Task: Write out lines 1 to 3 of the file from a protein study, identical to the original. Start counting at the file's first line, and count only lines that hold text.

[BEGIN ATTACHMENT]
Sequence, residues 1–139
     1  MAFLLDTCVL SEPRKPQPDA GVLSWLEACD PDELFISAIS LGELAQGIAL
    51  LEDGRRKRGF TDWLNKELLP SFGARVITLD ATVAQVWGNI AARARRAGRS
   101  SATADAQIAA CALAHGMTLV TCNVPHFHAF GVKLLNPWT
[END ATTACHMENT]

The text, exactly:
Sequence, residues 1–139
     1  MAFLLDTCVL SEPRKPQPDA GVLSWLEACD PDELFISAIS LGELAQGIAL
    51  LEDGRRKRGF TDWLNKELLP SFGARVITLD ATVAQVWGNI AARARRAGRS